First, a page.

The far-reaching scope of the NEWFOUDLANDER’S viewscreen becomes the hot topic as they believe the end of year 2035 is near, a conceptual rendering of time, partially reconnoitered by Sammy’s growth and keeping track on an old-fashioned wristwatch. The estimated forty trillion, that is the #40 with twelve zeroes, miles of space traveled, where nothing but darkness and tiny white dots dominate the viewscreen, finally there is a tangible celestial objects to train their longing eyes on.

Five (that is the #5 with no zeroes) heavenly bodies they are coming upon. Other than the obvious blazing tangerine fireball, this system’s sun, a star from Earth telescope’s perspective, four immense planets are orbiting Epsilon Eridani at the far-out distance equal to Jupiter’s. They are spaced far enough apart in the planes of their orbits so that their gravitation cancels each other’s out. There are no other significant bodies inside this planetary parade, although there is one nearly continuous band of asteroids, meteors, and comet-like matter circling Epsilon 100 million miles out.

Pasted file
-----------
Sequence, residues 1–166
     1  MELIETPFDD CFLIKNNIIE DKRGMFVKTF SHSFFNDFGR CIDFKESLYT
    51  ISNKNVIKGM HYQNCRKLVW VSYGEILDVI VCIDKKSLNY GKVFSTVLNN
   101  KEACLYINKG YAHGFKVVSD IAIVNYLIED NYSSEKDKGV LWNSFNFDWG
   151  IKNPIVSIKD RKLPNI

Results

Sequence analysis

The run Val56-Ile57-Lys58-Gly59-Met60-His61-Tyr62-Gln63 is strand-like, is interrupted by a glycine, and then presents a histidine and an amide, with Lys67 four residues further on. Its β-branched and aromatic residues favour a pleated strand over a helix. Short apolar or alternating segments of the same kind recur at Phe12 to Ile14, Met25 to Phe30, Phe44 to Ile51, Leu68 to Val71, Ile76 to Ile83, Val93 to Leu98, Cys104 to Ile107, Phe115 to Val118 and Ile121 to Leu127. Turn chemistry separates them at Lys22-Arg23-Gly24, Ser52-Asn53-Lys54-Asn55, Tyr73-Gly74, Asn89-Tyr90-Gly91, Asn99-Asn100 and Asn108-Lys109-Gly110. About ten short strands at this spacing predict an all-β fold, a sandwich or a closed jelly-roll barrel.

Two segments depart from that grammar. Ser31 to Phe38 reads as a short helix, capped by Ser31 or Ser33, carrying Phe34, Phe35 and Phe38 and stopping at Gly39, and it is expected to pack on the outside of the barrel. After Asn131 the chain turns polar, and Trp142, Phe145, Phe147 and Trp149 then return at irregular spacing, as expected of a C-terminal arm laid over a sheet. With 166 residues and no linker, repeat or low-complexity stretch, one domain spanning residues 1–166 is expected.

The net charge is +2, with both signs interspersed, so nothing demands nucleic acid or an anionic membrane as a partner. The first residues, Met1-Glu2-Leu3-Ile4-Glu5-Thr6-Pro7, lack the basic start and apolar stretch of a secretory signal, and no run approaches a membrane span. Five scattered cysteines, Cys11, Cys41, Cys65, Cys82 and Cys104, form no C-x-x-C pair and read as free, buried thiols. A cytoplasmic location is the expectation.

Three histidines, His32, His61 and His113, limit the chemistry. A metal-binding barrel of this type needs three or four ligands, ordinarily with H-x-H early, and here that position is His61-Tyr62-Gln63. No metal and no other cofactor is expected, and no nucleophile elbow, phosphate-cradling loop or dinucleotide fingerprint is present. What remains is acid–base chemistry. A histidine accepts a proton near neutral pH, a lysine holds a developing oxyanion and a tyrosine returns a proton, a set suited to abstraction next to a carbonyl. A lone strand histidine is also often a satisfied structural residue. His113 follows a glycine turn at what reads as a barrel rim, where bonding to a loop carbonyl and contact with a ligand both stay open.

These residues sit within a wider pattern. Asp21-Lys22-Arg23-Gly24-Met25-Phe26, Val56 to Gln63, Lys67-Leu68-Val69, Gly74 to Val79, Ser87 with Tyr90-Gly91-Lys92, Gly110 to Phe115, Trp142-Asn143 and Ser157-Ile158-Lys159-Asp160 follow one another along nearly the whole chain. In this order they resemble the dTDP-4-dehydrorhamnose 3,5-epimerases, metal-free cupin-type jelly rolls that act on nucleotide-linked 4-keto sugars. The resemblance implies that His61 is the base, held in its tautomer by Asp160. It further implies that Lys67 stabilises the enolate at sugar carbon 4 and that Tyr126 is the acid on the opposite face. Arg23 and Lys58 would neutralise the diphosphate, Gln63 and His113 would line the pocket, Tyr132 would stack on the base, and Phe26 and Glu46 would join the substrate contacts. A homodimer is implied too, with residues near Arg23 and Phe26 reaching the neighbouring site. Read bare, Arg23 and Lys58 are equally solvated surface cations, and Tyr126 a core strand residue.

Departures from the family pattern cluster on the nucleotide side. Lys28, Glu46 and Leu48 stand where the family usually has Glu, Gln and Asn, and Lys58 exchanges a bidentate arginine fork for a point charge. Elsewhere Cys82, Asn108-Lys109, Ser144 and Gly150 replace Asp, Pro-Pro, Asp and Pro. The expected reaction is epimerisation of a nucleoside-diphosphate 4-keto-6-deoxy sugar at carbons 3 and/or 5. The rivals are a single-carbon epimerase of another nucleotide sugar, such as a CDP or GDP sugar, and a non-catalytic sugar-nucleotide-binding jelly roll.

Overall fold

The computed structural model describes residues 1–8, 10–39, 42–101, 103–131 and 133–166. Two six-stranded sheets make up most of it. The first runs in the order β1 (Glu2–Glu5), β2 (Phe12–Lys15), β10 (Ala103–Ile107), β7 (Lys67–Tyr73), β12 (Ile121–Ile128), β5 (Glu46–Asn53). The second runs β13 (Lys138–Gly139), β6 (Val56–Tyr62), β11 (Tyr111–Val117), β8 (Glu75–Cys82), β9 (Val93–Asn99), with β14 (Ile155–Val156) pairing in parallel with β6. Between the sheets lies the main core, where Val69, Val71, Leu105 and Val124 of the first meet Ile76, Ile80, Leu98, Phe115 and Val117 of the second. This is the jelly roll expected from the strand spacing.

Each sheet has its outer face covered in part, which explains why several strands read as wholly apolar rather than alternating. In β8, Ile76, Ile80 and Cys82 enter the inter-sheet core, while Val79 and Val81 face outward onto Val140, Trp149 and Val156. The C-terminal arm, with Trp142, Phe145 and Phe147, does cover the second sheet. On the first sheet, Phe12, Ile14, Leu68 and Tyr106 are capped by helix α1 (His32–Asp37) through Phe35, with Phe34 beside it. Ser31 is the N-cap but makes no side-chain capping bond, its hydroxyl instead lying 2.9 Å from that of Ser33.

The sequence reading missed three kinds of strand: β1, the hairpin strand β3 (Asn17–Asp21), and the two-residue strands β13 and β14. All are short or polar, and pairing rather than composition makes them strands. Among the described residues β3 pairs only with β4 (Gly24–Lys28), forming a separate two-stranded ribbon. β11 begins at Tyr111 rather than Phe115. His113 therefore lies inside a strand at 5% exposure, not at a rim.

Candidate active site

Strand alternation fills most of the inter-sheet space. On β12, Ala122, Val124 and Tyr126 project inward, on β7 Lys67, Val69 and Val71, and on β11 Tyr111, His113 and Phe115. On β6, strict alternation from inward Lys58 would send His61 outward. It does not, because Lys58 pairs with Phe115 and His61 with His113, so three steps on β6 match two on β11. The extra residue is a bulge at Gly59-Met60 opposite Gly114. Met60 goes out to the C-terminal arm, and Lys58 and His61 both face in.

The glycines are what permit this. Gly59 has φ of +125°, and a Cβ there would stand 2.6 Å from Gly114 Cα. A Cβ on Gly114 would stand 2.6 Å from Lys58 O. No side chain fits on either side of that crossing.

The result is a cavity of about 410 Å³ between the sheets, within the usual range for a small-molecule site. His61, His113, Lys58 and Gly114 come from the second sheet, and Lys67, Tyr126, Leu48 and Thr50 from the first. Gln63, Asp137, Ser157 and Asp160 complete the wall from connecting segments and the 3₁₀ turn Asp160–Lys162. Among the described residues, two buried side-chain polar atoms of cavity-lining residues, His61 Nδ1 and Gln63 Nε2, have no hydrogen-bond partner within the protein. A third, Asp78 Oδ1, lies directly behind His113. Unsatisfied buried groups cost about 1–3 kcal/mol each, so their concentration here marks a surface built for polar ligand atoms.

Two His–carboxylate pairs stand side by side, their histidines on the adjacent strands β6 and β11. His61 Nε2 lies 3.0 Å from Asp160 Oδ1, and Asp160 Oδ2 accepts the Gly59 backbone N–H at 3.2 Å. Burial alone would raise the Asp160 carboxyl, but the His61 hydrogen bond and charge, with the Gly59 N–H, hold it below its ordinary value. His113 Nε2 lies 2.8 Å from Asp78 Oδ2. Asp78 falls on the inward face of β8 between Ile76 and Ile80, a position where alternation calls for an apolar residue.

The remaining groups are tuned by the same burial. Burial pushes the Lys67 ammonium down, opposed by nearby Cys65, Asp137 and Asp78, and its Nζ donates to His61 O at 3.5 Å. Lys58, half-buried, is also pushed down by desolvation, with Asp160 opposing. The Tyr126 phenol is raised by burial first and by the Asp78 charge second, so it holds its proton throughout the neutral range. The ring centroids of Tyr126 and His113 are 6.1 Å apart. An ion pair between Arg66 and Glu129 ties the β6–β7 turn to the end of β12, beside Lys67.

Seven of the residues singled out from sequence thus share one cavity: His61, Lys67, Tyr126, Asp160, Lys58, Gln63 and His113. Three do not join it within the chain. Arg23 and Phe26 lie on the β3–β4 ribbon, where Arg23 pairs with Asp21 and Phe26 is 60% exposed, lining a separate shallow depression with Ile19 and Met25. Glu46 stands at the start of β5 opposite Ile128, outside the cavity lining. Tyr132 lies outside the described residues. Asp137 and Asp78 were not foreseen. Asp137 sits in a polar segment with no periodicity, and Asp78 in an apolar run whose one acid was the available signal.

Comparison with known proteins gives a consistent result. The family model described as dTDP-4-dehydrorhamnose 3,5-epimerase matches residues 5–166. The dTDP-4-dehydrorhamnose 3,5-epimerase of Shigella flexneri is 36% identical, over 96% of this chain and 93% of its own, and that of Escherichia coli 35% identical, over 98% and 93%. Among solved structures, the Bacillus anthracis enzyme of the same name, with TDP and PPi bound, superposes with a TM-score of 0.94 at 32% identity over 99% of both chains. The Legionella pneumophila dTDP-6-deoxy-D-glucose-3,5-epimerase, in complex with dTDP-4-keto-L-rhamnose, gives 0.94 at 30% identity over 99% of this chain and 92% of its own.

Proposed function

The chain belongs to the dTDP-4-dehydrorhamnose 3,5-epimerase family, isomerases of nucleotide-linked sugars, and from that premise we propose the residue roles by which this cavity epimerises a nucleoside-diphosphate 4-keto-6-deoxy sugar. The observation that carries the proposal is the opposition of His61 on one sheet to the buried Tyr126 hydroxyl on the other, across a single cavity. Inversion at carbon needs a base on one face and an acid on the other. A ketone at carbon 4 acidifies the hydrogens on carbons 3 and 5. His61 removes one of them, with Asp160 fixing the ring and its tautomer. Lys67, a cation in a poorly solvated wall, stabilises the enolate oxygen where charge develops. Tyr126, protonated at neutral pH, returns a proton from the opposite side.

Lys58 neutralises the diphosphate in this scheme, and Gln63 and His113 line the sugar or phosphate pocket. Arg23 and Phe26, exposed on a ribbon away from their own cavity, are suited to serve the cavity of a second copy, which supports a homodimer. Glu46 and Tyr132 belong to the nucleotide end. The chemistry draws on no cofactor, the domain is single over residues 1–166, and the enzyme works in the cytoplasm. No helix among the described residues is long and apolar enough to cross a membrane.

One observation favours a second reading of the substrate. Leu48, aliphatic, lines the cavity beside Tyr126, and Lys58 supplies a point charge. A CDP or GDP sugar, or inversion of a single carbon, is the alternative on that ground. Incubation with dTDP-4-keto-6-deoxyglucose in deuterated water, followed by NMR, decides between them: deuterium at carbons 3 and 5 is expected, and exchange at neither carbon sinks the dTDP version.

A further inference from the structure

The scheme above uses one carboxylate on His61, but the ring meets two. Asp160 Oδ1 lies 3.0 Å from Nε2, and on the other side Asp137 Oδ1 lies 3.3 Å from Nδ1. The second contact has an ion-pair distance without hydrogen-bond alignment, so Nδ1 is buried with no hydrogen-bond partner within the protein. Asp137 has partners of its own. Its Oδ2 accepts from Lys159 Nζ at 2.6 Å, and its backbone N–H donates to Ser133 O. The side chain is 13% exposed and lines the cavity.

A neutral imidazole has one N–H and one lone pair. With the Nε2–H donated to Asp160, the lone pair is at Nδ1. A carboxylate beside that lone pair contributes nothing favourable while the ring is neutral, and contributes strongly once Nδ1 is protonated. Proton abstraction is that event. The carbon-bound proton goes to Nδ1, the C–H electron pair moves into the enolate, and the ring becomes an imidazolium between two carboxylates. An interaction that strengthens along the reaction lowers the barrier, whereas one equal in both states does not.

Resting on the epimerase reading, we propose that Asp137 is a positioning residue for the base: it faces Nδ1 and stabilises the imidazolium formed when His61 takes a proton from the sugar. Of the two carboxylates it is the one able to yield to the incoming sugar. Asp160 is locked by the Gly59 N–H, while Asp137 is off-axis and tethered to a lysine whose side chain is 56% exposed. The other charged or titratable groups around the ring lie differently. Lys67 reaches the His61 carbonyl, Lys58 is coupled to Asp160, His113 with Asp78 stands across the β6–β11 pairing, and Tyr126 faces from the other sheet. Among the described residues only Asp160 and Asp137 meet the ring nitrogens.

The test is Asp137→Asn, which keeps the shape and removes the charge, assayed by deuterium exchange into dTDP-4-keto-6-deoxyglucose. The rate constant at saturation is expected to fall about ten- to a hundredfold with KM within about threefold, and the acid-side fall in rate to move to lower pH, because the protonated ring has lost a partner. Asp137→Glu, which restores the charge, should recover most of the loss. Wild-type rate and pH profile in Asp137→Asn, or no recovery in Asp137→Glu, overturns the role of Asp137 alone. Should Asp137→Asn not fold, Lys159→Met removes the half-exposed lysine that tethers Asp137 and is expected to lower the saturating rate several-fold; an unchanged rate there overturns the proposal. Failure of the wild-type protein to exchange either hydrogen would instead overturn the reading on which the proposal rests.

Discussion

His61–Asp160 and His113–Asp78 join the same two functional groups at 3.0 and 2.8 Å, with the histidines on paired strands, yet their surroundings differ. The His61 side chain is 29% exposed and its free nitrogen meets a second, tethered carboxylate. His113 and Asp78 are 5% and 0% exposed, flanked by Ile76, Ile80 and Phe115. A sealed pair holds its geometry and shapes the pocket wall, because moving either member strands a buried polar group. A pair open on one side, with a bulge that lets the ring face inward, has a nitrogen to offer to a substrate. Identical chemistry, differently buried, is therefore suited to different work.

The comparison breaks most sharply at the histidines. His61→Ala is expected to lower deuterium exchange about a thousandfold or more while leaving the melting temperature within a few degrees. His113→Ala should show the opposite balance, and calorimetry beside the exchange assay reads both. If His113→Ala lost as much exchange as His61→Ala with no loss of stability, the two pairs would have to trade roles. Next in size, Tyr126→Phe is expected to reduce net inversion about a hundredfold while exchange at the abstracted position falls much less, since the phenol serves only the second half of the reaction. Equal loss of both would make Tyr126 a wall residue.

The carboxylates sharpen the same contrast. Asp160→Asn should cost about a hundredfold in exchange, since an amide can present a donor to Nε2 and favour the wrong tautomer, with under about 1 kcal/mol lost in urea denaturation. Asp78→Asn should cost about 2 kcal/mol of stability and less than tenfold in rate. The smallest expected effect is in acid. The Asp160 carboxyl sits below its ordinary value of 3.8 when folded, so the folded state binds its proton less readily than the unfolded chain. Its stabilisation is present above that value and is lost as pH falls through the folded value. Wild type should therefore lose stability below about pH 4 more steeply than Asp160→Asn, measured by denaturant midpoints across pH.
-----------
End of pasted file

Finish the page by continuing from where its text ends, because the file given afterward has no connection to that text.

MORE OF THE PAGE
Each of these gigantic spheres numbers many objects as “moons” as an entourage.Epsilon Eridani b.jpg Several of these would make sizable planets on their own merit and perhaps they were before this quartet of gravity hogs drew them into their inescapable clutches.

“Get a load of that one,” Sampson to Celeste & Sammy, “it is twice the size of Jupiter!”

A NEWFOUNDLANDER monitor dedicated to geological activity reveals a tempestuous surface, three-fourths boiling with volcanism. Elsewhere, raging magnetic storms ripple through a conspicuously toxic atmosphere.


THE RETURN TRIP

great destination by henryz – deviatart.com

Episode 203